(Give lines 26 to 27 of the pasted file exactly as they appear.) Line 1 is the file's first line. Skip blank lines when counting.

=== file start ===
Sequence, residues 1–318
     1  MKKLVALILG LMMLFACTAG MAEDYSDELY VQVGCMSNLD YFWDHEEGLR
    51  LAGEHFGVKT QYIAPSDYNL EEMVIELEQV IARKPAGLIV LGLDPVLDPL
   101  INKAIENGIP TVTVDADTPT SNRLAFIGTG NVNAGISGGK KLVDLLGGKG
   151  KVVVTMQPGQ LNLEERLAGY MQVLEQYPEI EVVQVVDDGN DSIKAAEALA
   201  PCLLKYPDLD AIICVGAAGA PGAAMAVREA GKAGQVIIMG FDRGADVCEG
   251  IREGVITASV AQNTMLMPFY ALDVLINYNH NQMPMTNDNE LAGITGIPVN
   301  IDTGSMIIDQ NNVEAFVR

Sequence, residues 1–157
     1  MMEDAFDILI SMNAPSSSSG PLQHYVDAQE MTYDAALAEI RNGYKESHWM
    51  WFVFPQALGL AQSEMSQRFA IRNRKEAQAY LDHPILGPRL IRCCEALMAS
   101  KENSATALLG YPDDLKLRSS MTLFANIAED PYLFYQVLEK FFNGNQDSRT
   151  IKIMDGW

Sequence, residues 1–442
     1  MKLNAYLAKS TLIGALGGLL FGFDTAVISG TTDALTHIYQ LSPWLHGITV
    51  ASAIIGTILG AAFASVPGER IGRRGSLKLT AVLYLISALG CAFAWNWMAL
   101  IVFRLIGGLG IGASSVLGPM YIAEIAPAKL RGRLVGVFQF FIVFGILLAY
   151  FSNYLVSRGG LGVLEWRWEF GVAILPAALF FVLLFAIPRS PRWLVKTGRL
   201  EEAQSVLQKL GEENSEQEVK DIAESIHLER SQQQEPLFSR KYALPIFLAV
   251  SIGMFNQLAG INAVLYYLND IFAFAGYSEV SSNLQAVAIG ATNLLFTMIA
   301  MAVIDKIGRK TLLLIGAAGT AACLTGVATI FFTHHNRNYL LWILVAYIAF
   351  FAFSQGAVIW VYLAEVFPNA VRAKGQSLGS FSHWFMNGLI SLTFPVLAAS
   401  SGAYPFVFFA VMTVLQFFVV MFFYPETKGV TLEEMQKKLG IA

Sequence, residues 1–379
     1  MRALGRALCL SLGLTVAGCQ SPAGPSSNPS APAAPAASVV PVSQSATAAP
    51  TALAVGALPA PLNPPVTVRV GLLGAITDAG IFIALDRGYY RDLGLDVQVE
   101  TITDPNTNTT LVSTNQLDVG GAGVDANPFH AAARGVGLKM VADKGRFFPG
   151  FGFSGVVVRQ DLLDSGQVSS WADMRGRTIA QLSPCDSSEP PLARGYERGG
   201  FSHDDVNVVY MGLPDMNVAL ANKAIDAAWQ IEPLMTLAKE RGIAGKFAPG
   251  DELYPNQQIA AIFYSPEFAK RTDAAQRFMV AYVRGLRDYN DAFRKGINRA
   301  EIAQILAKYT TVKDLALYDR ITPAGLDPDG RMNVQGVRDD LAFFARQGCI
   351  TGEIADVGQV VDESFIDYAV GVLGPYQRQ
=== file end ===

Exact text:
    51  TALAVGALPA PLNPPVTVRV GLLGAITDAG IFIALDRGYY RDLGLDVQVE
   101  TITDPNTNTT LVSTNQLDVG GAGVDANPFH AAARGVGLKM VADKGRFFPG